In addition to all of the aforementioned directives, the Marketing Amendment would require advisers to designate an employee who would be responsible for reviewing and approving advertisements before their dissemination. However, this preapproval requirement would not apply to (1) communications disseminated only to a single person or household or to a single investor in a pooled investment vehicle or (2) live oral communications broadcast on radio, television, the internet or any other similar medium.
The Marketing Amendment also would require advisers to share information about their advertisements in a new subsection to Part 1A of Form ADV. This subsection would require each adviser to disclose whether any of its advertisements:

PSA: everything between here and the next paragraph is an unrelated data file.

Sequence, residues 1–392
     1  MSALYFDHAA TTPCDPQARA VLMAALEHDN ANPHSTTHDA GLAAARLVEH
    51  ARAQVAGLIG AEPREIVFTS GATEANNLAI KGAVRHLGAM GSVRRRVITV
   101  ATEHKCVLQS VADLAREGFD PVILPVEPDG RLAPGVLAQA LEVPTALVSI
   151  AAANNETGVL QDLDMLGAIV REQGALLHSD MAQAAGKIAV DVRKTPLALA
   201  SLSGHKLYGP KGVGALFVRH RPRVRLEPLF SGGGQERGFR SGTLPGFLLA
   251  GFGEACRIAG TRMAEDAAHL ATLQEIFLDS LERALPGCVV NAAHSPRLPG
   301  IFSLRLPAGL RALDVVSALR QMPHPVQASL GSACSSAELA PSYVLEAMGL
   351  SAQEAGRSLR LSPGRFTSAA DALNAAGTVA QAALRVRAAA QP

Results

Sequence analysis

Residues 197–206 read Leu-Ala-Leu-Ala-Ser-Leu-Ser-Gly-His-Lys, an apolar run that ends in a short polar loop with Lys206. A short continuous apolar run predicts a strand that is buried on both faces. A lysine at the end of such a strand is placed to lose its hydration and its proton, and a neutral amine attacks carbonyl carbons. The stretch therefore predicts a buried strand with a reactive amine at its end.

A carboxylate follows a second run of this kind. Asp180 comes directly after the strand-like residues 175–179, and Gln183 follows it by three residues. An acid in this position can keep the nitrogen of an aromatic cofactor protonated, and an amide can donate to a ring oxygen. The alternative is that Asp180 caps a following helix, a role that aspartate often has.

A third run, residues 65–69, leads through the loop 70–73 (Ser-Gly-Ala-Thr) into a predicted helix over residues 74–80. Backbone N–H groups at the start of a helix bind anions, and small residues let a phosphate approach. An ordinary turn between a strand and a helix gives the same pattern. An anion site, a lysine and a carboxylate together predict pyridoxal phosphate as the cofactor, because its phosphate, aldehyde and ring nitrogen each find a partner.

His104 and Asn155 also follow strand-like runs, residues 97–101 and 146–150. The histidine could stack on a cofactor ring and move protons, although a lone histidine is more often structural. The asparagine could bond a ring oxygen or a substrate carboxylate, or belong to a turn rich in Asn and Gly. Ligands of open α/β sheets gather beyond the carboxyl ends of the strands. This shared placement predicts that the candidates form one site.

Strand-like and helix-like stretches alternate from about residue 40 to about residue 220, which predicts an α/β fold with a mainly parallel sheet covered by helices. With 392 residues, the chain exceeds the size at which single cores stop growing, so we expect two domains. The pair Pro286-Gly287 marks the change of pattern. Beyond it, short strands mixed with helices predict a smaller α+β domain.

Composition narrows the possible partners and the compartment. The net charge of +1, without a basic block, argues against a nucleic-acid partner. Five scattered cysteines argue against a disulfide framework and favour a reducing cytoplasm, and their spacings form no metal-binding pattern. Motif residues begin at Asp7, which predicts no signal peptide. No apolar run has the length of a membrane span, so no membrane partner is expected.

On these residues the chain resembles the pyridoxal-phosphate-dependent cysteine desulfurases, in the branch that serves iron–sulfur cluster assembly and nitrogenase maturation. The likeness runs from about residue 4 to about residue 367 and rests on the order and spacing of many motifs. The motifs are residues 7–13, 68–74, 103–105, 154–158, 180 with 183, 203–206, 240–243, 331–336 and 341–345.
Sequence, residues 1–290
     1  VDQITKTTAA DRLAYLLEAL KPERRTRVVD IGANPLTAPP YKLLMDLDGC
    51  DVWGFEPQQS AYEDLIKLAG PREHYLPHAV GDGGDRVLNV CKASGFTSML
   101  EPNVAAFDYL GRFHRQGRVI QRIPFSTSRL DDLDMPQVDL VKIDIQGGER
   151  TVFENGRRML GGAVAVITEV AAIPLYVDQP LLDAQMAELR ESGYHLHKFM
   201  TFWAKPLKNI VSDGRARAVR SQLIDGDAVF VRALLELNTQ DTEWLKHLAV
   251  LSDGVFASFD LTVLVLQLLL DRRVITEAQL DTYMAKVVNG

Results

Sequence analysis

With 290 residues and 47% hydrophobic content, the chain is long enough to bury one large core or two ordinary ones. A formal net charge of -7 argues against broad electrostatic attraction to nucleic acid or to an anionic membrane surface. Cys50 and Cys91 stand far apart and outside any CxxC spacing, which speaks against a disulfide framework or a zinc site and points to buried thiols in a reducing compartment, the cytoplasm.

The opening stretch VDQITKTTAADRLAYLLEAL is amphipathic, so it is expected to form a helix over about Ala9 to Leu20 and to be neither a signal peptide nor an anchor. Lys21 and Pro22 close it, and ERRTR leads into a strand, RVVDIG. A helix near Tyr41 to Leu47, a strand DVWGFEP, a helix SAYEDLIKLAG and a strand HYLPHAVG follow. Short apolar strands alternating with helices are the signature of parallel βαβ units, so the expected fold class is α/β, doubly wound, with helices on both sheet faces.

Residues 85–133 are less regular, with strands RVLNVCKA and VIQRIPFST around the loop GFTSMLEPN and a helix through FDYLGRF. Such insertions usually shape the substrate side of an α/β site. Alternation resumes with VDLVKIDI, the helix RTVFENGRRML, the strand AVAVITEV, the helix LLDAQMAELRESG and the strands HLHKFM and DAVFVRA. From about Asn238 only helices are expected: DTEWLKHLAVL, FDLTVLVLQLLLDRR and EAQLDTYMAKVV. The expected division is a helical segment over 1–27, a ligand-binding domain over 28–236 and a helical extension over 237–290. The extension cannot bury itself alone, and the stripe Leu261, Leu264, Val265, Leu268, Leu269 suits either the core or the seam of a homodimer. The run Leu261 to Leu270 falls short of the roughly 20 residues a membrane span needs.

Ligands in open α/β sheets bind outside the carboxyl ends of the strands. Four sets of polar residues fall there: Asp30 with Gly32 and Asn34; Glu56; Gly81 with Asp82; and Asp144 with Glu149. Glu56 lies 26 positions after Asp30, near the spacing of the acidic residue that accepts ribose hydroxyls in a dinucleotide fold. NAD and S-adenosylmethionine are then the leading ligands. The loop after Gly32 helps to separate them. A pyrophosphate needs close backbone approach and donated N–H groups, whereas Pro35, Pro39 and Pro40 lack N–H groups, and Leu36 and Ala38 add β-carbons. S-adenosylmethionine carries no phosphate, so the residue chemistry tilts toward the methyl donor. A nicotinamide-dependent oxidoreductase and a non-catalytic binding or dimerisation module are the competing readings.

- Contains performance results, and if so, whether the performance results were verified or reviewed by a party unrelated to the adviser
- Includes testimonials, endorsements or third-party ratings, and if so, whether the adviser provided compensation for the third-party statement
- Includes a reference to specific investment advice provided by the adviser.
Proposed Changes to the Solicitation Rule
In addition to the Advertising Rule, the Marketing Amendment would modify the Solicitation Rule in many important respects, as described below.